Laymen and Lawmen

Criminal court jurors and the legitimacy of and challenges to the power of judges
By Aziz Jellab, Armelle Giglio-Jacquemot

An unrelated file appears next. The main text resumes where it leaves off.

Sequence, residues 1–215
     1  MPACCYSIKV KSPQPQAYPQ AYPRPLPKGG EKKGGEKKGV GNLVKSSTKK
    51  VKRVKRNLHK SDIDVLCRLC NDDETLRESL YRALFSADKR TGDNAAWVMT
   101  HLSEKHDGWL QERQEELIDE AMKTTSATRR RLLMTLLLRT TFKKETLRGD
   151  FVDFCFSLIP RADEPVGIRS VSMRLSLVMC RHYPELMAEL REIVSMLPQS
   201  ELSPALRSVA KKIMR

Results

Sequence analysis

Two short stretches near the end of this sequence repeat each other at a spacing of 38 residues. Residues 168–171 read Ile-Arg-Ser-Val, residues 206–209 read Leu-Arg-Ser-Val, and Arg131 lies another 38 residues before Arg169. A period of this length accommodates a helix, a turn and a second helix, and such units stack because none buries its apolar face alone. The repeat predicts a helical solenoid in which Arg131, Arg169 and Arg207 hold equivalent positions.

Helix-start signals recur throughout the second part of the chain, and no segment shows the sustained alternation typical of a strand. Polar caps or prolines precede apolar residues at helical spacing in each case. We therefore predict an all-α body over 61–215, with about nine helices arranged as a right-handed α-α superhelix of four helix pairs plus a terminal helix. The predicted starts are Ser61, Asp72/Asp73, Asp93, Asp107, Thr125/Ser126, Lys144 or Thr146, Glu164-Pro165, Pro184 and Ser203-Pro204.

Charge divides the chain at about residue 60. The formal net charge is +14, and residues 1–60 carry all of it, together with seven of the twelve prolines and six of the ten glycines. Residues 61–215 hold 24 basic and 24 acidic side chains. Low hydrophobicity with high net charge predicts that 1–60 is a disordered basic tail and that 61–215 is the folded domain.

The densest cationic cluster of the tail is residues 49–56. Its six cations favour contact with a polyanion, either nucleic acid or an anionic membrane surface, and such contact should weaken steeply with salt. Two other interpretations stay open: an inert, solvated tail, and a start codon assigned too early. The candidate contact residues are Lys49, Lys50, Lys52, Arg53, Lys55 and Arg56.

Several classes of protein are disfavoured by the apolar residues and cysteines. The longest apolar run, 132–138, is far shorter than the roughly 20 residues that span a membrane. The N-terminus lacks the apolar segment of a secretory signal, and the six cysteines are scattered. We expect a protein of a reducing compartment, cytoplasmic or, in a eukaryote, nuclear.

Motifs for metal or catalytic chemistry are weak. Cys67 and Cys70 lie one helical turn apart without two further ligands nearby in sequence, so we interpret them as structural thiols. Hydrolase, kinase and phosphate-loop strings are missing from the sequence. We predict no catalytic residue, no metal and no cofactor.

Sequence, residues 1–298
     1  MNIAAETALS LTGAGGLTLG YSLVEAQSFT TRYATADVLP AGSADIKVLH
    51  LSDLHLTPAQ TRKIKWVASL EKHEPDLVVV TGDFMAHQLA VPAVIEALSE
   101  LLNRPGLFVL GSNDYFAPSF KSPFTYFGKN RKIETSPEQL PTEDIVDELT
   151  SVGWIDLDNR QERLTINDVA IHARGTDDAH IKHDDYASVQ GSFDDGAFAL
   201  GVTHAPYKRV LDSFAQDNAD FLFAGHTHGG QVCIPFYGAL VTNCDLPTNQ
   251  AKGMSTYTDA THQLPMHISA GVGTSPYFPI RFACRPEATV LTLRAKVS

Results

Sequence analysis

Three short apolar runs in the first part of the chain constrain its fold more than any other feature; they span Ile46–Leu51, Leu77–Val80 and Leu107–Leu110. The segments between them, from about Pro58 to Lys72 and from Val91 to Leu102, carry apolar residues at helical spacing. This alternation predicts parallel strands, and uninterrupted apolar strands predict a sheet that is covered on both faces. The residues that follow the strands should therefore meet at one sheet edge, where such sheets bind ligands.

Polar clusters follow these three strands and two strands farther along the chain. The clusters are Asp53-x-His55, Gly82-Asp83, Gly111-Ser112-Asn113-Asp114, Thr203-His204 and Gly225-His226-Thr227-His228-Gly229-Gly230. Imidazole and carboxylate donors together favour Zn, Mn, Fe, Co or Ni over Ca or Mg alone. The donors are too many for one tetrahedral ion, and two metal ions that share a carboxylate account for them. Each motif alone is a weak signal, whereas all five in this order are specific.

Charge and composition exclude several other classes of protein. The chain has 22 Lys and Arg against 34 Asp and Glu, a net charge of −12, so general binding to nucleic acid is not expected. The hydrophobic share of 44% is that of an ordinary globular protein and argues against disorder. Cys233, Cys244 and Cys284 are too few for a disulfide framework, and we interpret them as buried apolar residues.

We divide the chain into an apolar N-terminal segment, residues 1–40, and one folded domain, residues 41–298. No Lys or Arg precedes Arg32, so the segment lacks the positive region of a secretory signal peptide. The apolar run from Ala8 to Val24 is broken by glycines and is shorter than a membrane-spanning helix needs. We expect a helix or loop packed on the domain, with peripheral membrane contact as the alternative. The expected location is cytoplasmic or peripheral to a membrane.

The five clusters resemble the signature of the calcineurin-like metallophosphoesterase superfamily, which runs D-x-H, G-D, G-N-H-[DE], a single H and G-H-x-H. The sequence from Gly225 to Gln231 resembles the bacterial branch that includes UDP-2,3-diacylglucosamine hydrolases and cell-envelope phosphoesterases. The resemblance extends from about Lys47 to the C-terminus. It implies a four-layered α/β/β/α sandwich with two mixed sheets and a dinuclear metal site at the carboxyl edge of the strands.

Jurors in criminal courts are rarely mentioned in judicial reports. The media most often only discuss the role they played in a judgment. Yet the experience of these “judges for a day” reveals the contradictions of a justice system which, calling on non-expert “citizens”, forces them to assimilate legal practices and to take on a role for which they are ill-prepared. To jurors, this socialization process takes place against a backdrop of questions on their own legitimacy. In addition, jurors have to interact with magistrates whose status, reception strategies and debate organization, both in court and during deliberations, make them dominant professionals, with a power that can be perceived as excessive. The division of labor between jurors judging facts and magistrates judging according to the law introduces a subtle hierarchy, where “common sense” and “emotion” seem to be the basis for judgment by jurors, while magistrates rely on “law” and “reason”. Challenging the power of judges, and some of their practices, is a way for jurors to argue that a human perspective should be an intrinsic part of any judgment, as revealed in the biographical history of the juror-citizen. This challenge illustrates the paradoxes of an institution which maintains the fiction of equality between citizens while in effect perpetuating certain forms of domination. This leads to questioning of the criminal courts (cour d’assises) as a “democratic” legacy, the “deliberative democracy” characterizing the court’s modus operandi, and the social impact of this experience, with regard to the involvement of former jurors in the public space.


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